Ghost of Hoppers
(Love and Rockets Book 22)
Jaime Hernandez, writer/artist
120 pages, hardcover
Jaime Hernandez has long displayed an infrequently utilized but alarming alacrity for horror. The Locas comics’ outbursts of genuine violence have been scary–I’ll never forget Hopey getting stomped on in the bathtub and staggering out, leaning naked against the door frame, or Speedy half-lit by the streetlight, a portrait of a young man at the very moment he hits rock bottom that chills me to my very soul. But in general the real terror, the real exercises in creating and sustaining horror imagery, emanate from Izzy Ruebens. Maggie and Hopey’s long-suffering, eccentric mentor has slowly withered, almost, over the years, from the semi-comical parasol-wielding goth of the strip’s early, punky days to the stoic, emaciated, frequently naked presence we’ve seen in Penny Century and now Ghost of Hoppers. Whether she’s simply mentally ill or genuinely haunted (and the two aren’t mutually exclusive possibilities, to be sure) is almost immaterial. In either case, the danger comes simply from seeing what she sees. The shadows, the stains, the shattered and inverted crucifixes, the black dog, the flies on the ceiling–these are monumental horror-images, frightening not because of some physical threat they present but the violation of reality they represent. They’re frightening by virtue of their very existence. Something is wrong with them. All of the damage they’ve caused–and based on what we know of Izzy’s guilt over her abortions and suicide attempts, the damage that caused them–has been self-inflicted.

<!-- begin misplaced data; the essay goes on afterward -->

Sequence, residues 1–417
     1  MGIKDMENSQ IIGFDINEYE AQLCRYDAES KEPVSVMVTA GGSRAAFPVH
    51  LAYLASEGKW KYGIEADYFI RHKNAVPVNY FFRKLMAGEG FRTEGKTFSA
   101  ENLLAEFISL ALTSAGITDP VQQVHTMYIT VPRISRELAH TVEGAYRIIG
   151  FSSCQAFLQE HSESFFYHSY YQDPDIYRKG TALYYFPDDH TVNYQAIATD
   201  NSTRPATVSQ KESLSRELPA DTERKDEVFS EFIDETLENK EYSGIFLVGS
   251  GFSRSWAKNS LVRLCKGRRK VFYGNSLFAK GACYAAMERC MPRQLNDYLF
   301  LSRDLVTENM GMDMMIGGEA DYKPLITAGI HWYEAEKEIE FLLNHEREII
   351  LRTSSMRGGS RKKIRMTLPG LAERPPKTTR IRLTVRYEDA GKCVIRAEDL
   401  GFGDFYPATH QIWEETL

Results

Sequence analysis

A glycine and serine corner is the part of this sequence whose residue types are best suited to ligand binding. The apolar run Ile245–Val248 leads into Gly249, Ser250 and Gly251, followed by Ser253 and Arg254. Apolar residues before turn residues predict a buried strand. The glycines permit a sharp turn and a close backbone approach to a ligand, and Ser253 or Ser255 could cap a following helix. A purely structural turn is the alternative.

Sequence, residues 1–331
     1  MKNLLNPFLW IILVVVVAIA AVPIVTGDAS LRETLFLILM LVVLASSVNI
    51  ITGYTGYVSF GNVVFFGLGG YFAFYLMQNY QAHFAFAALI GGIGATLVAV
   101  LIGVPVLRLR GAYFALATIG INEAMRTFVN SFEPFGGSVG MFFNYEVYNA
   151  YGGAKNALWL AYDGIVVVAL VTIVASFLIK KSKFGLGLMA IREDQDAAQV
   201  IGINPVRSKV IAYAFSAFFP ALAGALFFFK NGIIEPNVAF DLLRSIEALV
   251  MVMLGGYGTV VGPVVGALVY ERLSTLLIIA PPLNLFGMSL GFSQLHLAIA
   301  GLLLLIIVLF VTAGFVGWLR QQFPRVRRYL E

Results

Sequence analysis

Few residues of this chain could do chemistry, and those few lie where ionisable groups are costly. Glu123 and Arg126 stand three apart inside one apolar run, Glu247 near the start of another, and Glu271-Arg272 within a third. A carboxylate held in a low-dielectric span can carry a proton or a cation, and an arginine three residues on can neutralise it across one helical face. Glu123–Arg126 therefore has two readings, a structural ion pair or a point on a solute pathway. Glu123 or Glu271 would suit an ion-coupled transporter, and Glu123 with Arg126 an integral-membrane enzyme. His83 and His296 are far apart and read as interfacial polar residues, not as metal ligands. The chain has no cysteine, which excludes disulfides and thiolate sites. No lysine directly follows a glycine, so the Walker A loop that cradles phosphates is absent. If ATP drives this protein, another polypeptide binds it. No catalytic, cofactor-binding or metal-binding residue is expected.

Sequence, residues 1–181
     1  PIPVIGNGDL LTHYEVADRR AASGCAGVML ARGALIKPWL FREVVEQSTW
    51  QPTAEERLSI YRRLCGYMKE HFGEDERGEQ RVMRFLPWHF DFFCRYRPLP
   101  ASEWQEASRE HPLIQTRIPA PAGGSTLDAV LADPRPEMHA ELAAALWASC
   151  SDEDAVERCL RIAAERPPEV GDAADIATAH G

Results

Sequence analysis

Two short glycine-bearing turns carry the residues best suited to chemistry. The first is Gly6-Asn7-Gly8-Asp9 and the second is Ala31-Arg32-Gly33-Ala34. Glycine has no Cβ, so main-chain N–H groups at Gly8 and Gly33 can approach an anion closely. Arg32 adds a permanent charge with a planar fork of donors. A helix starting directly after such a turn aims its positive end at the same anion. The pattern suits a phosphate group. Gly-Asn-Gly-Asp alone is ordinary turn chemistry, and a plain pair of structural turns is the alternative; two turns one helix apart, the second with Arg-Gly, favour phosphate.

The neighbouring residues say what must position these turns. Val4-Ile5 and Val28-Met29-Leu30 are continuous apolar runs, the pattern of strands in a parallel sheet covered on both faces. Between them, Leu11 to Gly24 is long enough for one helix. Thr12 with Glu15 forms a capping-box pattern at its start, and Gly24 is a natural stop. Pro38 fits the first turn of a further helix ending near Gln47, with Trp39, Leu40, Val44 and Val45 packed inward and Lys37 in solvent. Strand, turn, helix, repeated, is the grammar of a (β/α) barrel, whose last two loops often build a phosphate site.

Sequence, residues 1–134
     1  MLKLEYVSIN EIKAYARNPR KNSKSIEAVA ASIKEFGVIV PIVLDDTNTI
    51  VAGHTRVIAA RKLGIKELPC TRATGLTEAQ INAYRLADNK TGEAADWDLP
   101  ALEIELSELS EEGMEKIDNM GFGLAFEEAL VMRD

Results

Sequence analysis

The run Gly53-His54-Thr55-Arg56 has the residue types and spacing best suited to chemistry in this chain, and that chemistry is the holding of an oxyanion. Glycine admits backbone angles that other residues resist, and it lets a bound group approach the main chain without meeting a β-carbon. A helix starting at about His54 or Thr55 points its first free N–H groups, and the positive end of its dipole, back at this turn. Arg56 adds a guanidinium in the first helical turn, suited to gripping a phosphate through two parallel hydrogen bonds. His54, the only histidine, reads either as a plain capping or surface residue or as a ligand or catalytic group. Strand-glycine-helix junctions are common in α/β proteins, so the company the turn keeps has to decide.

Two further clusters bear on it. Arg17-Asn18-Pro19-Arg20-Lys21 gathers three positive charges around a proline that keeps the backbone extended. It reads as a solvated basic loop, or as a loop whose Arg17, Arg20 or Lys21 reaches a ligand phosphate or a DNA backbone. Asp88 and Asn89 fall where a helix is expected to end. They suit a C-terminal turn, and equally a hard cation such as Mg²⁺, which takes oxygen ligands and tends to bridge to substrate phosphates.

At first I struggled with why Jaime would choose this particular storyline–Maggie Realizes She’s All Grown Up, basically–to delve deeper than ever into this aspect of the Locas world. I mean, this thing becomes a horror comic toward the end, easily the most sustained such work in the whole Locas oeuvre. What does any of it have to do with the misadventures of Maggie, the story’s protagonist? But then it clicked: She, too, is threatened here by the violation of her conception of reality. Is she the badass punker she always thought she was, or has she grown up to be a square like everyone else? Is she basically just a fun-loving straight girl with one exception that proves the rule, or might she be physically and emotionally attracted to other women after all? Is she okay with the friends-with-benefits relationship she’s had with Hopey since time immemorial, or does she want something more? Were she and Hopey really the center of the universe, or were there equally vibrant and vital relationships that continued on without them? Can she maintain her self-image as a troublemaker when she’s at a place where she really kind of hates trouble? Does Hoppers–her neighborhood, her hometown, her group of friends and fellow travelers–still exist in her mind as a screwed-up but happy place to visit, or has the passage of time rendered that all a lie? No wonder the black dog chooses now to pay her a visit. She had so much to be frightened of already. Thank goodness that life sometimes grants even hapless Locas an exorcism or two on the house.